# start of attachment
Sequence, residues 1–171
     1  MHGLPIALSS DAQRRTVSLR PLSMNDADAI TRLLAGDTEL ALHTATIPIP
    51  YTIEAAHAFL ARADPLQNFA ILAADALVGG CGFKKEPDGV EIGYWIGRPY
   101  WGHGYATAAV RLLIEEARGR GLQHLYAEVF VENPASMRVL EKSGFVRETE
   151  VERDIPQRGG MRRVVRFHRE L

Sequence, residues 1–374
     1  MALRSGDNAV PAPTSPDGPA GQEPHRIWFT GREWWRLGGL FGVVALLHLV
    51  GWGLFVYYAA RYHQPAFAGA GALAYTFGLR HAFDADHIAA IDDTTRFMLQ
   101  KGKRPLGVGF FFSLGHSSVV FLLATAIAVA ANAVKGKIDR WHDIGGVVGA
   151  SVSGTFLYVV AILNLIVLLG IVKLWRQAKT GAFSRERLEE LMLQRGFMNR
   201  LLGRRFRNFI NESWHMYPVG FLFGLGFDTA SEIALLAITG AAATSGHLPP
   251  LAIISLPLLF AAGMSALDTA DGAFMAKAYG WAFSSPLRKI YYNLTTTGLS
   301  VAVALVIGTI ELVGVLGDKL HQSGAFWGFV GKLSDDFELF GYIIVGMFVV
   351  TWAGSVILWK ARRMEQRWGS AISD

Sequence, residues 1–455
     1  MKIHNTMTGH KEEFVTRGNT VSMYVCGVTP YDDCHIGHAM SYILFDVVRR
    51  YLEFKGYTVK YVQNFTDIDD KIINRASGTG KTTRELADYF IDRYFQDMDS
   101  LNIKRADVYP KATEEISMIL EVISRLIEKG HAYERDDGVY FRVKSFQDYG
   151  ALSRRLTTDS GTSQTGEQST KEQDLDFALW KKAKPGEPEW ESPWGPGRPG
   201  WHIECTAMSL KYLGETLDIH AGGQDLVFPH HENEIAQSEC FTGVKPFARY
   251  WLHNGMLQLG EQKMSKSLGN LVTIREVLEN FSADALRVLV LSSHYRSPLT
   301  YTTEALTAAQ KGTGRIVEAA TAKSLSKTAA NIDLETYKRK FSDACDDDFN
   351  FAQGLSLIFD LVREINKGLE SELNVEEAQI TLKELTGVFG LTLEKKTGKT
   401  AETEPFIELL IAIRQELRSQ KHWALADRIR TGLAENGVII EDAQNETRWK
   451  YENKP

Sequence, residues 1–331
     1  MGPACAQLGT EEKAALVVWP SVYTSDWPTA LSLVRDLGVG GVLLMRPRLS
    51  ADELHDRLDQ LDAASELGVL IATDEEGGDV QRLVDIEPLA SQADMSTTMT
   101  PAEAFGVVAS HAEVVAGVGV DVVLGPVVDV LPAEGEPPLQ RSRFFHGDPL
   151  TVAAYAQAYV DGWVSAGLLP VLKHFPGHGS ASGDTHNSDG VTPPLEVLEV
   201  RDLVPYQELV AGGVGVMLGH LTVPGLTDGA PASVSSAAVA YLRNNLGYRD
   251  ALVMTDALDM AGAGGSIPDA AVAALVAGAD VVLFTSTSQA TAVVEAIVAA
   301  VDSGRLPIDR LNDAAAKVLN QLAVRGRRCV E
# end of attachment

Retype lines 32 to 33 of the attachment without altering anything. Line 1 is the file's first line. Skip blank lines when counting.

   251  ALVMTDALDM AGAGGSIPDA AVAALVAGAD VVLFTSTSQA TAVVEAIVAA
   301  VDSGRLPIDR LNDAAAKVLN QLAVRGRRCV E